Edinburgh New Philos. J. 17: 158. 1834 ,.
Stems decumbent to erect, forming dense mats, hairy. Leaves closely imbricate, usually appressed to pair above, usually 4-ranked (decussate); blade narrowly triangular, dorsi-ventrally expanded marginally forming abaxial groove, 3–6 × 1–1.5 mm, margins thin, without curled hairs at leaf tips, surfaces with short, stiff pubescence. Flowers: sepals 2–3 mm, margins entire; petals connate to 2/3 their lengths, tips spreading to recurved, corolla white to yellowish, cylindric, 4–10 mm; stamens 2 mm. Capsules 3–5 mm. 2n = 26.
Alta., B.C., N.W.T., Nfld. and Labr., Nunavut, Yukon, Alaska, Mont., Wash., Eurasia.
Subspecies 2 (2 in the flora).
The Arctic plants of Cassiope tetragona all belong to subsp. tetragona, which is partially replaced by and partly sympatric with subsp. saximontana in northern Cordilleran areas of western Canada, Alaska, Montana, and Washington. The latter differs in pedicel length relative to leaf length and the length of the corolla.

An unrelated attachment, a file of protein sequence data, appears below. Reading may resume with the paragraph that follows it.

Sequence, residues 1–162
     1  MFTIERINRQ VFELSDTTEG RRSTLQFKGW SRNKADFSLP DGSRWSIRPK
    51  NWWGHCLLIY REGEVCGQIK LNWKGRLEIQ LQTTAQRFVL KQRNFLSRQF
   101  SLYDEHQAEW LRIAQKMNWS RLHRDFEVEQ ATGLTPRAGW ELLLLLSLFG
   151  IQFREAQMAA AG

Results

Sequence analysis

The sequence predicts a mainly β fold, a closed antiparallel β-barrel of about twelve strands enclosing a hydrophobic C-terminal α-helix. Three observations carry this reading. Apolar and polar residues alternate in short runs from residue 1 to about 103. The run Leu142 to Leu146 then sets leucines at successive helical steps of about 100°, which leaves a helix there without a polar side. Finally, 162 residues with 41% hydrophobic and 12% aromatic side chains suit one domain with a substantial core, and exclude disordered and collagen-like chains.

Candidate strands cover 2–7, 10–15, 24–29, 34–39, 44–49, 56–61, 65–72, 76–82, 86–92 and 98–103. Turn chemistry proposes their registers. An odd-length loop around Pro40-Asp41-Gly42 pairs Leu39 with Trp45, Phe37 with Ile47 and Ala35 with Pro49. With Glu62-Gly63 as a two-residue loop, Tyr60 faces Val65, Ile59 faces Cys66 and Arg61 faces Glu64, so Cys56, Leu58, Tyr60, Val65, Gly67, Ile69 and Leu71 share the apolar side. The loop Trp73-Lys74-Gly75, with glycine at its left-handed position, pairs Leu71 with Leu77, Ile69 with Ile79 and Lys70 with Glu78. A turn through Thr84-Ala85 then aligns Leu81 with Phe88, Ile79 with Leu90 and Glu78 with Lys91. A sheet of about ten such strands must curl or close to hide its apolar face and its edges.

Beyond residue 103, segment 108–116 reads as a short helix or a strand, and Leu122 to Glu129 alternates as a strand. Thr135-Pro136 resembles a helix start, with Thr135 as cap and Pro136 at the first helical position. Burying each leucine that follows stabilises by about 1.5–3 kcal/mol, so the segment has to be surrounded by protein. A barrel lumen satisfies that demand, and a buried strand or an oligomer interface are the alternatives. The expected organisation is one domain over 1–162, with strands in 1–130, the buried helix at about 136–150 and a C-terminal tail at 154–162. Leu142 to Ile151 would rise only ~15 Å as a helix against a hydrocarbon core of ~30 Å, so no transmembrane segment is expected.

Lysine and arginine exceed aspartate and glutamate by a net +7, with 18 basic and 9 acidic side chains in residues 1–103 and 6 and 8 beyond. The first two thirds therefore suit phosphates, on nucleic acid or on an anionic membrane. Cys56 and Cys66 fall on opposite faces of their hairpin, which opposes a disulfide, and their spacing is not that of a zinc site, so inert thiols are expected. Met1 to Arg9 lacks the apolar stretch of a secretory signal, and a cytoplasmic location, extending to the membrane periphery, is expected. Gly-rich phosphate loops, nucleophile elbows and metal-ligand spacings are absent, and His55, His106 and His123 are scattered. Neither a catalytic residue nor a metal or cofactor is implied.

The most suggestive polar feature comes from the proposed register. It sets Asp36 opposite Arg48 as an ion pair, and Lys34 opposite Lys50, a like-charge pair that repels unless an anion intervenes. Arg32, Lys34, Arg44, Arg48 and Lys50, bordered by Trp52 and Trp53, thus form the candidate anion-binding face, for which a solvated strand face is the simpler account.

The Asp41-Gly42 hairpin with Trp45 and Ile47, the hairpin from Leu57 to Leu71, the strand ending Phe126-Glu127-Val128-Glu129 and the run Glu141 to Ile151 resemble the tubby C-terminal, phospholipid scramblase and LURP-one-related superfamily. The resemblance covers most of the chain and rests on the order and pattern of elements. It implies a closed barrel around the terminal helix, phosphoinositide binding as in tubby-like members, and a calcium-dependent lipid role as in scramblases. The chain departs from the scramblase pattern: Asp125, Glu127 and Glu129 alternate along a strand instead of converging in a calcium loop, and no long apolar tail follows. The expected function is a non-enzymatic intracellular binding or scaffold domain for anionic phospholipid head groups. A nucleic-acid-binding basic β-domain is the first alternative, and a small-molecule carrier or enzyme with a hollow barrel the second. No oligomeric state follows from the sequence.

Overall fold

Arctic white heather has traditionally been used by the Inuit for lighting fires. Some Inuit call it itsutit, meaning “fuel for the fire,” plantiksutit, or qijuktaat, meaning “wood fetched.” The flowers are said to taste awful (I. Ootoova et al. 2001).
The subspecies of Cassiope tetragona can generally be distinguished by the characters in the following key. The ranges overlap in Alaska and Yukon, and some collections from this region may prove problematic to assign to either subspecies.
|1||Pedicels extending beyond branch tips, 10+ mm, usually 3+ times leaf length, elongating in fruit; corollas 6-10 mm.||Cassiope tetragona subsp. tetragona|
|1||Pedicels not extending beyond branch tips, to 8 mm, usually to 3 times leaf length, not elongating in fruit; corollas 4-6 mm.||Cassiope tetragona subsp. saximontana|